Boyland would take the plunge into majority ownership, and over the years go on to become one of the country’s more successful African American athlete–entrepreneurs. He succeeded by focusing on the bottom line. “Don’t get into business as a hobby,” he says. “If you own a business, make it about profit. If your business is your hobby, don’t expect to make any money.”
Playing Through the Pain
So when the global financial downturn devastated the automotive industry in 2008, Boyland and his management team came up with a game plan for the business. “Our operations became streamlined and our net profit as a percent of sales increased, although our total sales decreased,” says Boyland. “We experienced a slight drop in net profits for that first 12 months. Then after all the cuts started to realize and all the economies of scale and operation—fat cut out that we probably didn’t need in the first place—started to take place, our net profit as a percent of sales skyrocketed.”
Management made adjustments to maintain revenues even if there was a 20% drop in sales, so the team looked at what assets were needed—and which weren’t—to effectively function at that lower level.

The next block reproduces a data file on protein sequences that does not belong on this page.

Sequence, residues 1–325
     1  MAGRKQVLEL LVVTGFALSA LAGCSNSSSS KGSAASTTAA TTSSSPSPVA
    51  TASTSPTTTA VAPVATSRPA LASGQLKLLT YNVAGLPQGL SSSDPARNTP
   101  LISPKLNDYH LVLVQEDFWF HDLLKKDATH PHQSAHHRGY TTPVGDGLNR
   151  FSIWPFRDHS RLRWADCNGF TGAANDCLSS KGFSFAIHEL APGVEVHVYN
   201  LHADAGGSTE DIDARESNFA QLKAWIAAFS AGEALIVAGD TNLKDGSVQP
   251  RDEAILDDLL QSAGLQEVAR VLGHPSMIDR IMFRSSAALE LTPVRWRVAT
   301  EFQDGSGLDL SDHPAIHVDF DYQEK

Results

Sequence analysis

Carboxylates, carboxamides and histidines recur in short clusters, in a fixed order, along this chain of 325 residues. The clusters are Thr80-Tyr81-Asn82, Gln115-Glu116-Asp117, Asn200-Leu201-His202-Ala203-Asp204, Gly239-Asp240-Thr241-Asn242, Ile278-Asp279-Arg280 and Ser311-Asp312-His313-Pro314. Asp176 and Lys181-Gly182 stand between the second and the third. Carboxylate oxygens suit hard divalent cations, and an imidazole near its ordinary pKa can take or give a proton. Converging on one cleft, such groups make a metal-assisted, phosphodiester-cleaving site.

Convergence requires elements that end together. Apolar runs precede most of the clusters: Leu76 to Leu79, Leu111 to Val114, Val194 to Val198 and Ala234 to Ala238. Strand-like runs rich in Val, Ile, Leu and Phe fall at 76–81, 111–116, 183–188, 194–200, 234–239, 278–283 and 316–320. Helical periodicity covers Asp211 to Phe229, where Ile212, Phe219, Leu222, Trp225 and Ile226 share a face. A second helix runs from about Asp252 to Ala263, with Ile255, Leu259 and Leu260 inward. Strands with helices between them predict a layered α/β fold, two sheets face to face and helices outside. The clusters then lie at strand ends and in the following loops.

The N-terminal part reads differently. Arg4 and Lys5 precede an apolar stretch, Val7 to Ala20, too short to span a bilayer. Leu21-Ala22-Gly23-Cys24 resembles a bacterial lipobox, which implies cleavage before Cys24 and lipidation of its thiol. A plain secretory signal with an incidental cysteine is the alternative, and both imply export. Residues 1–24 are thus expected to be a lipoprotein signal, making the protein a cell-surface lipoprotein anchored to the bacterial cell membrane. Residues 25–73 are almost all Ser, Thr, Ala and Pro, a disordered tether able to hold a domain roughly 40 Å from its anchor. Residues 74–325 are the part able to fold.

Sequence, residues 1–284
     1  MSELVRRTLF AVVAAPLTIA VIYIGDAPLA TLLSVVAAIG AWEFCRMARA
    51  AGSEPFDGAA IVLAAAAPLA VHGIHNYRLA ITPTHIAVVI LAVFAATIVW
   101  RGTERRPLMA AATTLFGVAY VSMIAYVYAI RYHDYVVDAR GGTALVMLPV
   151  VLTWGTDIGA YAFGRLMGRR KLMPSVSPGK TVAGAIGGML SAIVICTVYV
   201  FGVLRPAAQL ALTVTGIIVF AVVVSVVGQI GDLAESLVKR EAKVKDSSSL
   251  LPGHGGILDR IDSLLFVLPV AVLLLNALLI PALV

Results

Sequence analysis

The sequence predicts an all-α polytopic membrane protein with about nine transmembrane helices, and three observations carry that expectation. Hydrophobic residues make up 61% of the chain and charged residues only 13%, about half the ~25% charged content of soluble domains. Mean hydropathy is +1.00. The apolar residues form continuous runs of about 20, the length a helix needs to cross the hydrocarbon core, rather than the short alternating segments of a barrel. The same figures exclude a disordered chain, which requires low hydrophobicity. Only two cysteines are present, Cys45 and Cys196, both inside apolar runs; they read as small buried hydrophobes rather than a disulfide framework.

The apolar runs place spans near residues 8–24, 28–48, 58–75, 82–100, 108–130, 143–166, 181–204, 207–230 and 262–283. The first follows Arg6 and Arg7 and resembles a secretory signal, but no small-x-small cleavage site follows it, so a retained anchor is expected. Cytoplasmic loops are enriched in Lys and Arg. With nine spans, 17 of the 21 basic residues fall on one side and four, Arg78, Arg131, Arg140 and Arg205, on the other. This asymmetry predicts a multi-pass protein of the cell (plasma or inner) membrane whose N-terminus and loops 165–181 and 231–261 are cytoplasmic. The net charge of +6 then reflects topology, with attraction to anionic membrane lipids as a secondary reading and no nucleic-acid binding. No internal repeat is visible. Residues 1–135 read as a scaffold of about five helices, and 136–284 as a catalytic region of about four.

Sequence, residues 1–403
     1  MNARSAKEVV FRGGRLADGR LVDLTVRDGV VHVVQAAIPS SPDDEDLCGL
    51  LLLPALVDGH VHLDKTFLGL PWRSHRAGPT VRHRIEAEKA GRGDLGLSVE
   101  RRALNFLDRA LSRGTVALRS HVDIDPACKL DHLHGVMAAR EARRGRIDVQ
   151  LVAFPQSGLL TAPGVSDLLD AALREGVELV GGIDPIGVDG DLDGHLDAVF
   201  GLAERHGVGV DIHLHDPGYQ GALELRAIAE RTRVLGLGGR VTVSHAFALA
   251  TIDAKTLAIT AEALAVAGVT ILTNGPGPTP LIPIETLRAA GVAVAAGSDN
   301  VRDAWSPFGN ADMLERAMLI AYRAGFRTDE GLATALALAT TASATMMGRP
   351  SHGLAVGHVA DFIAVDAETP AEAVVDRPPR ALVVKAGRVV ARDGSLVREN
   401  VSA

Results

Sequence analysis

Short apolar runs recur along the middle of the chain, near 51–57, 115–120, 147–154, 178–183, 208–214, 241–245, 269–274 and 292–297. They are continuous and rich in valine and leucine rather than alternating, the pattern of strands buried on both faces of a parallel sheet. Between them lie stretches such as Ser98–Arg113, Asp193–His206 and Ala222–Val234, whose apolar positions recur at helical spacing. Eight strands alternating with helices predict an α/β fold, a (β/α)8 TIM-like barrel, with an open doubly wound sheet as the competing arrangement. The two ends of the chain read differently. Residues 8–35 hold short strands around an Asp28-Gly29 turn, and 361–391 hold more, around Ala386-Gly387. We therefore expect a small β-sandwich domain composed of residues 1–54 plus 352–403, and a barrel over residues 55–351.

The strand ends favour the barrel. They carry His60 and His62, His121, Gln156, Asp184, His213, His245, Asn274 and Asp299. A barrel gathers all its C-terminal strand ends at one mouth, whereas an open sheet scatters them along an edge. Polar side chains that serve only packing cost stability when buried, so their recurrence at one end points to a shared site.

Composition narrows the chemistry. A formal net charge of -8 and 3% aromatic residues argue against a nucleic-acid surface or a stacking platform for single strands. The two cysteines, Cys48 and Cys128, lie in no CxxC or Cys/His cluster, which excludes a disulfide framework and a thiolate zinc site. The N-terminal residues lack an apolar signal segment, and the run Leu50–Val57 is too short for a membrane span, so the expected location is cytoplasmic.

They made the following moves:
• Instead of carrying a 90-day supply of new cars, they carried a 60-day supply; they went from a 60-day supply of used cars to less than a 40-day supply.
• The number of company dealerships was reduced from 11 to nine. Underperforming locations in California and Ohio were sold.
• Employee count was reduced by about 12%, which in turn reduced payroll, taxes, insurance, and the costs of other benefits.
“We stopped paying for cell phones. The people that had health coverage from their spouses, we pay them to not take the insurance we provide.” As a result, personnel expenses were reduced 13%.
• Boyland decreased or eliminated his own compensation, depending on the location.
• Boyland, who owns the property at seven of his nine locations, reduced the rent to equal 10% of the total monthly gross profit.
• Management renegotiated with vendors, requesting a reduction in costs. “We had a substantial success with ADP and all our national vendors and local vendors as well.”
All told, expenses were cut 22%. “We were pretty lean going into it so we weren’t so fat that we really had to make a lot of adjustments,” says Kaiser. “Dorian’s dealership businesses are lean. The management is pretty well trained in making sure that we’re not spending silly money on things that aren’t doing anything for us.”
Boyland plans to continue running lean and awaiting the next opportunity. “Credit is going to be available, and our cash position will be good. So I’ll have people ready to move into those slots,” he says, “so whenever a call comes [to acquire a new dealership], I’ll be prepared for it.”